Certain relatives in the United States may file an I-730 petition and simultaneously seek Priority 3 access for their qualifying family members (if eligible).  In some cases, the I-730 petition will be the only option as the family members are still in their country of origin.  Unlike the P-3 process, the I-730 process does not allow the relative in the United States to petition for parents.

On This Page

  1. Introduction
    1. Who is a Refugee?
    2. Security and Humanitarian Crisis at the U.S. Southern Border
    3. Rising Protection Claims and Backlog
    4. Security Vetting in Refugee Admissions
    5. DHS/USCIS Credible Fear Caseload FY 2009-2018
    6. DHS/USCIS Asylum Caseload FY 2009-2018
    7. DOJ/EOIR Immigration Court Asylum Caseload FY 2009-2018
    8. Refugee Admissions and Asylum Grants Since 1980
  3. I. Description of the Nature of the Refugee Situation
  4. II. Description of the Number and Allocation of the Refugees To Be Admitted and an Analysis of Conditions Within the Countries From Which They Came
    1. Proposed FY 2020 Allocations
    2. Country Conditions
    3. Religious Freedom
  5. III. Description of the Proposed Plans for Their Movement and Resettlement and the Estimated Cost of Their Movement and Resettlement
    1. Overseas Processing
    2. Adjudication
    3. Post-Adjudication Processing
    4. Transportation
    5. Cultural Orientation
    6. Reception and Placement (R&P)
    7. Where are Refugees Resettled?
    8. Executive Order on Enhancing State and Local Involvement in Refugee Resettlement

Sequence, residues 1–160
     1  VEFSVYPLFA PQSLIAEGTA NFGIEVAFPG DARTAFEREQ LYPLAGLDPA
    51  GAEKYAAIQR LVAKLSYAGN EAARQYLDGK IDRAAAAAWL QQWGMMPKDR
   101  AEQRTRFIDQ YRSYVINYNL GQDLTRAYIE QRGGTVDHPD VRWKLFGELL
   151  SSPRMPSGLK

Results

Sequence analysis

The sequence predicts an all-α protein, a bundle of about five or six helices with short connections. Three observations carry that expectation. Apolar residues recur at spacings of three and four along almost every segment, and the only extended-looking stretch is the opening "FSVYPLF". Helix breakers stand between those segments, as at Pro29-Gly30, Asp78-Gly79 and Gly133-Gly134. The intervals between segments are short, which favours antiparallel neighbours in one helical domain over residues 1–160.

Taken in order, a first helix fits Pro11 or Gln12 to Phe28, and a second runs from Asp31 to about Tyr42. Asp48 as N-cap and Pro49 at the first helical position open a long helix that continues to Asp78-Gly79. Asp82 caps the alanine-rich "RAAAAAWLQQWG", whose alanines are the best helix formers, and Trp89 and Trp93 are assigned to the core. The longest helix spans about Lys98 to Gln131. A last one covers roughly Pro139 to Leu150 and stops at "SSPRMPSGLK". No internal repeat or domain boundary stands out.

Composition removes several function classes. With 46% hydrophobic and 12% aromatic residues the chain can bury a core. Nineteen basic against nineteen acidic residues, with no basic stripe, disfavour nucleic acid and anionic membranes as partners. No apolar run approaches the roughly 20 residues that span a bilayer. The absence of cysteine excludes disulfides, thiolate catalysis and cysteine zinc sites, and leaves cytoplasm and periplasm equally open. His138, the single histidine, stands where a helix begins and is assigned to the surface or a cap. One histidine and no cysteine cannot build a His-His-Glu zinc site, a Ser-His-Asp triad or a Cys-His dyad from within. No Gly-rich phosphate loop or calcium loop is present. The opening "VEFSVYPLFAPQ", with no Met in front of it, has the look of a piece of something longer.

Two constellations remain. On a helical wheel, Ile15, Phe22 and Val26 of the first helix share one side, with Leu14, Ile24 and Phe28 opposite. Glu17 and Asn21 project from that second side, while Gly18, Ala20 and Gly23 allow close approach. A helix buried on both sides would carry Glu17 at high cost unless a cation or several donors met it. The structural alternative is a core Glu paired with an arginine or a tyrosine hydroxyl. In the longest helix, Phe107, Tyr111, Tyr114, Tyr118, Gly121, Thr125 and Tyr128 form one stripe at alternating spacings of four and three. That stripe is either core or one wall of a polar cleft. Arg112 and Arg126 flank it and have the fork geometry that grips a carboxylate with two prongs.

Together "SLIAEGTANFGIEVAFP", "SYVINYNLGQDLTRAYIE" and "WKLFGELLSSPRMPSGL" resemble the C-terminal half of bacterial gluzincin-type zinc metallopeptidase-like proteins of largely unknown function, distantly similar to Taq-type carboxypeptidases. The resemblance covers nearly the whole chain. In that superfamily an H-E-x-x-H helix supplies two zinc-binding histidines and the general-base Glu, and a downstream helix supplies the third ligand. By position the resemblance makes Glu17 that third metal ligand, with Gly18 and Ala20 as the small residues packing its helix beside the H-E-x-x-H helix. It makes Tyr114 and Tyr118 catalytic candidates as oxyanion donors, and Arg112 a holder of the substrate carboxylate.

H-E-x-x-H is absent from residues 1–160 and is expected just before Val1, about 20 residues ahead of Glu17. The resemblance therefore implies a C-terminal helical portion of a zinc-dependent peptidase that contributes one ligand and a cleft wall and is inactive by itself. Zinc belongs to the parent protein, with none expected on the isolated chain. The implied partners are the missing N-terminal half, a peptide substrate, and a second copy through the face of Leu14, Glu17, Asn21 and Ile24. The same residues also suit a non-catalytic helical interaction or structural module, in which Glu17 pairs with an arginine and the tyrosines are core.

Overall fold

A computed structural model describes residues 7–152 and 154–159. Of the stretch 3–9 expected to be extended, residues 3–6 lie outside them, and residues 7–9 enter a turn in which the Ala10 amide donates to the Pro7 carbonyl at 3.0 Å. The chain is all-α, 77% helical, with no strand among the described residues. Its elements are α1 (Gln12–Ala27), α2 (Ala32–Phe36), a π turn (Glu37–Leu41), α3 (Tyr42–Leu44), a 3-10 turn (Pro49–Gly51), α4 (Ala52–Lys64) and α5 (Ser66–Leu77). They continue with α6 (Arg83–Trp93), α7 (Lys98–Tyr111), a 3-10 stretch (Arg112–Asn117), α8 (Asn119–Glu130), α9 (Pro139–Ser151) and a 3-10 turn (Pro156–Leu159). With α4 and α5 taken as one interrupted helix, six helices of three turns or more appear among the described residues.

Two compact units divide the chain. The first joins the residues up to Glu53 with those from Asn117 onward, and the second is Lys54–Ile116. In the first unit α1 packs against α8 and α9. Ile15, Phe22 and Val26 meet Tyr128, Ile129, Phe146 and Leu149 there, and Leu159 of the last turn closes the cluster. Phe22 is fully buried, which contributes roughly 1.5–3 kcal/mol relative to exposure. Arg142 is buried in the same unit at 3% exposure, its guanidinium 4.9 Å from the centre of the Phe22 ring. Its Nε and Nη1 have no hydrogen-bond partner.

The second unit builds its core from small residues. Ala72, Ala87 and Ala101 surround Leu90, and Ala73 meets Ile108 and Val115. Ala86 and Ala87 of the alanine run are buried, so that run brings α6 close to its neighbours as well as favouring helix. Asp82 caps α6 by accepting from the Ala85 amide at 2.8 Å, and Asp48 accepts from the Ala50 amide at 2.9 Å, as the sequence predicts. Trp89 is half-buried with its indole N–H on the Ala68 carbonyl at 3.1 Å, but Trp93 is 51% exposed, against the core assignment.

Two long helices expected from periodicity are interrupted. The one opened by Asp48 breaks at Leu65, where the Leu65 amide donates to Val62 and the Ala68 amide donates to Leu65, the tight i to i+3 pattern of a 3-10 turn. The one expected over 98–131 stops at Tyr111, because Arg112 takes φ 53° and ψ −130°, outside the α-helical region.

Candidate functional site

9. What Do the Resettlement Agencies Do?
    10. What Happens When Refugees Arrive?
    11. Beyond R&P
    12. Estimated Cost for Refugee Processing and Resettlement
  6. IV. Analysis of the Anticipated Social, Economic, and Demographic Impact of Their Admission to the United States
  7. V. Description of the Extent to Which Other Countries Will Admit and Assist in the Resettlement of Such Refugees
  8. VI. Analysis of the Impact of the Participation of the United States in the Resettlement of Such Refugees on the Foreign Policy Interests of the United States
  9. VII. Additional Information
    1. FY 2018 USRAP Admissions by Country of Origin
    2. FY 2018 USRAP Arrivals by State of Initial Resettlement
  10. Annex 1: USRAP Access Categories
    1. Priority 1 (P-1): Individual Referrals
    2. Priority 2 (P-2): Group Referrals
    3. Priority 3 (P-3): Family Reunification
    4. Following-to-Join Family Reunification Petitions

U.S. Department of State

The Lessons of 1989: Freedom and Our Future